Haven't rape victims been punished enough
Victims of rape could soon face punishment in New Mexico if a law to criminalize aborting a fetus is passed.
Republican Representative Cathrynn Brown introduced House Bill 206, which would charge victims of rape with a third-degree felony charge if the victim chooses to terminate her pregnancy. The bill claims that the termination is grounds for tampering with evidence.
A felony in New Mexico can carry a sentence of up to three years, according to the Huffington Post.
Although the bill is most likely not going to pass due to the Democrat party serving as the state house majority, even the idea of a bill such as this is unbelievable and disgusting.
Whether you are pro-choice or pro-life, turning a victim of one of the most heinous and devastating crimes known to humans into a criminal honestly has me flabbergasted.
Having to move on after suffering from rape is hard enough, but having to move on while serving time in jail is unimaginable.
Rape victims suffer from Rape Trauma Syndrome, a three-step process that begins with the initial shock after the rape to the resolution phase, when the victim begins to move on.
This process can take months to years, depending on the victim, and it can be incredibly difficult for some.
According to Suicide.org, about 33 percent of rape victims have suicidal thoughts, and 13 percent will actually attempt suicide.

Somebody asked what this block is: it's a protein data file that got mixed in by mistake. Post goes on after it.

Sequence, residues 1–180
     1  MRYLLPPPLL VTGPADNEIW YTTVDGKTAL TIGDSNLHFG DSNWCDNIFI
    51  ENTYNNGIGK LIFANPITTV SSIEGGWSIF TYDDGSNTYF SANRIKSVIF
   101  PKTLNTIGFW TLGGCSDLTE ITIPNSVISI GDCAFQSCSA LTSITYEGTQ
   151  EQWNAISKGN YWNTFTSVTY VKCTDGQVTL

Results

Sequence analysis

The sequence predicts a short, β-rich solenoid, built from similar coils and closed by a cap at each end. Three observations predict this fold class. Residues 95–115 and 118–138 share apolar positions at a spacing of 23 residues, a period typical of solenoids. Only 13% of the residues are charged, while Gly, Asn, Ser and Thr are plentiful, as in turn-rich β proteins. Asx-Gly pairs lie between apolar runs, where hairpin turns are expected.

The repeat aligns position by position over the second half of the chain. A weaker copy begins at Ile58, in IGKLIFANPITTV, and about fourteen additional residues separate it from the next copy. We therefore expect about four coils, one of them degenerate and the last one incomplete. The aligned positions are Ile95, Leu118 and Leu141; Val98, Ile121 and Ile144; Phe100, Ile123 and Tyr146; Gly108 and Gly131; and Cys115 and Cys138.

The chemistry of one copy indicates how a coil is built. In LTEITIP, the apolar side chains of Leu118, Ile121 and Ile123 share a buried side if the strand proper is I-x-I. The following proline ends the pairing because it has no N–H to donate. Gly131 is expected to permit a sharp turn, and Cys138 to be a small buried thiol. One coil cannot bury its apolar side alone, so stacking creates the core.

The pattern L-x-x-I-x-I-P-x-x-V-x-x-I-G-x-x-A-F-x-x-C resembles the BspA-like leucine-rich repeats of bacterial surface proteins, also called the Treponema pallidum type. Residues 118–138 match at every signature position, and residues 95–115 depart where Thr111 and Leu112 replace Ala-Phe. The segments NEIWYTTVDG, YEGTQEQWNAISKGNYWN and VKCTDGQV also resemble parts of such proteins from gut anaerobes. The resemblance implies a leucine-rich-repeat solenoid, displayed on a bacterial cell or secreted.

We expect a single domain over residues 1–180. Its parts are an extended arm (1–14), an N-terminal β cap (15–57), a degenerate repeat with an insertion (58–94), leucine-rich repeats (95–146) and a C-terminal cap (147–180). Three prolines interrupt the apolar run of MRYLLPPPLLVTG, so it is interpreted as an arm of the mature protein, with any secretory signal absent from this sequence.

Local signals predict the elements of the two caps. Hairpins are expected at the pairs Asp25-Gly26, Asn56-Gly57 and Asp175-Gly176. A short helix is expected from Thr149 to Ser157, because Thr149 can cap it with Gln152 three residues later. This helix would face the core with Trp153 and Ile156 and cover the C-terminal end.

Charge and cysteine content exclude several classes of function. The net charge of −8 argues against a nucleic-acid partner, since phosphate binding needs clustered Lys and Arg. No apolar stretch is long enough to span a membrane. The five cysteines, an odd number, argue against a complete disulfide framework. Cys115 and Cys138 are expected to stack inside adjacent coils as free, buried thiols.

A study conducted by the Medical University of South Carolina discovered that roughly one-third of rape victims will develop post traumatic stress disorder in his or her lifetime.
The study also discovered that victims of rape had a much higher chance of abusing drugs and alcohol than non-victims.
Although for some, pregnancy could seem like a glint of hope after such a dark event, but for most women, that is not the case.
The medical university also discovered that 61 percent of women were concerned about becoming pregnant.
And according to a study by the same institution, roughly 32,180 women will face that fear every year. The study also discovered that 50 percent of rape pregnancies are terminated, which means New Mexico could be incarcerating 16,050 scared and traumatized women every year.
And that high number would become a huge financial burden, with the average incarceration cost for one prisoner a year is roughly $31,307, according the organization “The Price of Prisons.”
That could be $5 million used to help fund programs, counseling, etc. to help victims recover from their attack. Aside from the burden on the victims, Brown’s argument for this bill is incredibly weak.
There are several different ways to obtain evidence to prosecute an alleged rapist. DNA evidence such as hair, skin cells, or bodily fluids may be left on the victim or at the scene of the crime.
This evidence can be used to compare with known samples or to place a suspect at the scene of the crime.
Abortion is still a very sensitive issue, and I respect both sides.
However, I do not respect the idea of throwing an innocent woman in prison after she has been violated and traumatized in such a disgusting way.
These unfortunate women should be treated with dignity and respect, and not treated like criminals.